I don’t have any on-premises Exchange or SharePoint servers anymore. I therefore can only suggest that on-premises server administrators resolve to do a better job of applying security and code updates after their release by Microsoft. 2022 didn’t start well for the on-premises community the malware engine update fiasco. 2021 featured a series of attacks on servers like the Hafnium affair to exploit known vulnerabilities (including patched issues). What was surprising was the number of unpatched and unmanaged servers connected to the internet, including servers used in hybrid environments.
Instead of complaining about Microsoft’s inability to create software to remove the last on-premises Exchange server, let’s all try and do a better job of applying updates in the new year by applying security patches and cumulative updates within a week of their release. It can only help and it’s something that local administrators control.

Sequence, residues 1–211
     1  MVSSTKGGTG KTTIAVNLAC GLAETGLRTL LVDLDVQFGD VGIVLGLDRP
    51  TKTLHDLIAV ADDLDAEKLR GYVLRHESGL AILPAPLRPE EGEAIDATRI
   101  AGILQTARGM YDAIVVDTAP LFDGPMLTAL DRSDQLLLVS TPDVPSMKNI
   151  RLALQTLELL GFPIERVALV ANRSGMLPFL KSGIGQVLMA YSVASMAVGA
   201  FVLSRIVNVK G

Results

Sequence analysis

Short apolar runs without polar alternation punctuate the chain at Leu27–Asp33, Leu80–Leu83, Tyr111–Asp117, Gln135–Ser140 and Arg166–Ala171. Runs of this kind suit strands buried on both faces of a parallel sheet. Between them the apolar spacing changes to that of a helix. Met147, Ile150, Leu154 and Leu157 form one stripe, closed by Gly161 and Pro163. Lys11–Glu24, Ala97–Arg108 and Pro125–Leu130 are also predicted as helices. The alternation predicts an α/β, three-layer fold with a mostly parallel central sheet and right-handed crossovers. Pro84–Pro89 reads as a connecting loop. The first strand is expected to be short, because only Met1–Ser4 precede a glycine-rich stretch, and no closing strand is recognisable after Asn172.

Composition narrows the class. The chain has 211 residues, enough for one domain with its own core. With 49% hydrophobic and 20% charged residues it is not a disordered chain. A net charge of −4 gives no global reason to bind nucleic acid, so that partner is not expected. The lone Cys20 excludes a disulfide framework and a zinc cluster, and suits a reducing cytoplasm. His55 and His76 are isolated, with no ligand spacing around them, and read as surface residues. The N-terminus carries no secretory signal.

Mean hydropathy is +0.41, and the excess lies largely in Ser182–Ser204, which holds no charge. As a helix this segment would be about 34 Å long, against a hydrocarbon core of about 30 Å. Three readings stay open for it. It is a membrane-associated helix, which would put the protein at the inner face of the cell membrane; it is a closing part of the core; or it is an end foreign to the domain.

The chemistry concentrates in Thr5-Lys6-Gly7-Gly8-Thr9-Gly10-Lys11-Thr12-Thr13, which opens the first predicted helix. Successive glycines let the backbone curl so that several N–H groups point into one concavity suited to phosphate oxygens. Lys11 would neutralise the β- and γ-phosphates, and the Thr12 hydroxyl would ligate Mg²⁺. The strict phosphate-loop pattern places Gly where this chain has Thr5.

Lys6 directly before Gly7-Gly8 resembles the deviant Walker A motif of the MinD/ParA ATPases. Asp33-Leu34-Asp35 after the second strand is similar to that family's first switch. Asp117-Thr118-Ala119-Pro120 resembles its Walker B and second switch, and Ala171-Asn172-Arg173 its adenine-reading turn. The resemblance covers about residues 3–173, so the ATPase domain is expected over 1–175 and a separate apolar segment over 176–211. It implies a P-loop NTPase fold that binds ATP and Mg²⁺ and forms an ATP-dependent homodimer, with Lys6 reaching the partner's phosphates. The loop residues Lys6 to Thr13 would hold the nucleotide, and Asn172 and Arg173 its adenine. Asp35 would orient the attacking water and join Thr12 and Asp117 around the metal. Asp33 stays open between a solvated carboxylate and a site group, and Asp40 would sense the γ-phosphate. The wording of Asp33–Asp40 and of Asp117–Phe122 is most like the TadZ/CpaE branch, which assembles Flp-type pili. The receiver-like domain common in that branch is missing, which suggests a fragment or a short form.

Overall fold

Keep Moving Forward
Over 40 years of work in IT, my observation is that those who move forward and stay abreast of technology are more successful than those who don’t. Anecdotally, COBOL programmers are scarce and demand high rates, there are many other now-antiquated disciplines that aren’t so lucrative. All of which means that it’s wise to keep on improving your knowledge, experience, and breadth. Have fun in 2022!